SYDNEY, Oct 11 (Reuters) - Australia’s two top bankers will be questioned by a parliamentary committee on Thursday over revelations from a public inquiry that found banks repeatedly pursued profits ahead of their customers’ interests.
Commonwealth Bank of Australia Chief Executive Matt Comyn, and Brian Hartzer, who heads Westpac Banking Corp , are each scheduled to face intense questioning from parliamentarians over their banks’ governance failures.
It will be the first time CEOs of Australia’s biggest financial institutions are questioned about the misconduct uncovered by the inquiry, disclosures which shocked the country, drove down share prices, raised the spectre of financial penalties and cost several executives their jobs.
The inquiry known as a Royal Commission could recommend tougher regulation and civil or criminal charges when its final report is handed down early next year, having heard evidence of widespread product miss-selling, charges for services-not-rendered and fees taken out of dead client accounts.
“Our main focus will be on how some of the best-qualified and certainty highest-paid directors and senior management in the largest corporations in Australia allowed their companies to be involved in such scandalous behavior over what has been a decade now,” Matt Thistlethwaite, an opposition Labor lawmaker and the deputy chair of the 10-member committee, told Reuters.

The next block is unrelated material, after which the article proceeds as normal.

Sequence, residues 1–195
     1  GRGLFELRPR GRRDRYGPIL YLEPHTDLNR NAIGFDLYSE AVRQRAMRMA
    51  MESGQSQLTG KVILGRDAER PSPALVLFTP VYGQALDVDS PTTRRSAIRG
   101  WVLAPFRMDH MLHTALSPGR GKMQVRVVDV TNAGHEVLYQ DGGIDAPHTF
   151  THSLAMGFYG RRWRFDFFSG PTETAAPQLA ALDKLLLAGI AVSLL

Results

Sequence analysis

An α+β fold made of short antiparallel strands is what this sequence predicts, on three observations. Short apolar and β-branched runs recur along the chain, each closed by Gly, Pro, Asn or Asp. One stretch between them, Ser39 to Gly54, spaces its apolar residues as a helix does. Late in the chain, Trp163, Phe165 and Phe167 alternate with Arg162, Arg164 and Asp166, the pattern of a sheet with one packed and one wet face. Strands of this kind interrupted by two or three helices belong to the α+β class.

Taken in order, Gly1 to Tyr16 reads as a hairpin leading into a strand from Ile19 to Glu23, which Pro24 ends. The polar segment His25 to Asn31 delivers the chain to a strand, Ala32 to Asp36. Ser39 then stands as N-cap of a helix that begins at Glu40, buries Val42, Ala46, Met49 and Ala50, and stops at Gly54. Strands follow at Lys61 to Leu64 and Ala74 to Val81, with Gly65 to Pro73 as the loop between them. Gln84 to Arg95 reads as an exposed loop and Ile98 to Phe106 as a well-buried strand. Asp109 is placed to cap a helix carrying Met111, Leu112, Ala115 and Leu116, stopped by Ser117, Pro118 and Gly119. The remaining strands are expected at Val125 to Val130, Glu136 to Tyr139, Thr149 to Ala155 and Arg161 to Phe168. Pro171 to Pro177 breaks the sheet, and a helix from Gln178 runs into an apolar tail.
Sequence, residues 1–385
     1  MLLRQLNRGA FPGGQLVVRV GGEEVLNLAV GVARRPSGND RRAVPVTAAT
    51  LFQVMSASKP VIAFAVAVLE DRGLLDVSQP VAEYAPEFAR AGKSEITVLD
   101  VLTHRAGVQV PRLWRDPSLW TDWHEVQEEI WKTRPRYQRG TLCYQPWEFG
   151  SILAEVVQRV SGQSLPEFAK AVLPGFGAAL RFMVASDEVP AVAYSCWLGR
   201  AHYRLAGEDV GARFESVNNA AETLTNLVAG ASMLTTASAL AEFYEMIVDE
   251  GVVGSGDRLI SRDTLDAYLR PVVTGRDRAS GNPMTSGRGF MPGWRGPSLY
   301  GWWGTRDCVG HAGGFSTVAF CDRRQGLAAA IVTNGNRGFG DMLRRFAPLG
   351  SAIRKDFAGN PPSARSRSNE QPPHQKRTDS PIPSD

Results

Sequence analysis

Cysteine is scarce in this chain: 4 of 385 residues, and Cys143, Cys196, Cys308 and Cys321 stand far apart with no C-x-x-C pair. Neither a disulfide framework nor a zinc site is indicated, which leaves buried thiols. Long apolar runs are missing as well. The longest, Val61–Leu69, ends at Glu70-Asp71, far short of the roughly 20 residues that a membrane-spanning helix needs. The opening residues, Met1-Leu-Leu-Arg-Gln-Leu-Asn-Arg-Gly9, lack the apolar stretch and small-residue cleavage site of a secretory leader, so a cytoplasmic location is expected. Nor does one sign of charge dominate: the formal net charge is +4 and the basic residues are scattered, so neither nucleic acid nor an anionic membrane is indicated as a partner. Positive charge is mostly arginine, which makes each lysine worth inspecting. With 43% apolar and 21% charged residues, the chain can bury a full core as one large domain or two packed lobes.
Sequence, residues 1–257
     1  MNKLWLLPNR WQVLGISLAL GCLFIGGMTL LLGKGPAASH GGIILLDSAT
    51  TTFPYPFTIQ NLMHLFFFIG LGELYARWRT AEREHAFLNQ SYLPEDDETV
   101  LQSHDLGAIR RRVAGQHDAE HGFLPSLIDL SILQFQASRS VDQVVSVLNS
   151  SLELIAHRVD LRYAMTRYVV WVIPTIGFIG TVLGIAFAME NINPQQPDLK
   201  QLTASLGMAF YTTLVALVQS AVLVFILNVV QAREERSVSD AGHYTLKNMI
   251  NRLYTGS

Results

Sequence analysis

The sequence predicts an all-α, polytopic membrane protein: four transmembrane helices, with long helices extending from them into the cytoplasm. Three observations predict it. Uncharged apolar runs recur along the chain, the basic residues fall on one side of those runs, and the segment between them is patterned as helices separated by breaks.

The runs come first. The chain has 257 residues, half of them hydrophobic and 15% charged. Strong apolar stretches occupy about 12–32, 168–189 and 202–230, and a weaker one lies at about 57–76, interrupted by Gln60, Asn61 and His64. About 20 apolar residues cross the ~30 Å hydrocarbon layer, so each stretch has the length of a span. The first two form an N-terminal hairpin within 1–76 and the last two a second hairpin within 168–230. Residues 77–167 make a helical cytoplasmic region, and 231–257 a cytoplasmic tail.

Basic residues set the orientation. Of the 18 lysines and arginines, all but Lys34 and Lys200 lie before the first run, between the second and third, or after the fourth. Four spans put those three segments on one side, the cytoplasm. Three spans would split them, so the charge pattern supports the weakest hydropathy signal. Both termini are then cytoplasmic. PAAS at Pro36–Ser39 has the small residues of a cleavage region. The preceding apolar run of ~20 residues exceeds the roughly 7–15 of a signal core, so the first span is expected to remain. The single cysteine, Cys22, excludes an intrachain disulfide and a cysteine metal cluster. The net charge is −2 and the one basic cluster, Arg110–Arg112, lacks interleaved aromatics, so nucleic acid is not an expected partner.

Thistlethwaite said he would take a particular interest in CBA, Australia’s biggest bank and the one which has suffered the biggest reputational damage from the inquiry.
“There are going to be lots of questions that are going to flow to the new CEO of the Commonwealth Bank, about why his particular organisation seems to have been the most scandal-prone over the last decade,” Thistlethwaite said.
The heads of the remaining members of the “Big Four” - Australia and New Zealand Banking Group and National Australia Bank - will also be probed later this month.
Although a traditional ally of Australia’s financial sector, Australia’s governing centre-right coalition government has sought to reassure angry voters that it is committed to tougher banking oversight.
“A large part of what I’m going to be inquiring about is what is their response to the report, and more critically, what they are going to do to address it and respond,” Tim Wilson, the Liberal chair of the committee and coalition MP, told Reuters.
Late last year, the government proposed new laws to increase penalties and lengthen prison terms for financial crimes in a bid to strengthen the regulator’s enforcement powers.
Reporting by Paulina Duran in SYDNEY; Editing by Stephen Coates
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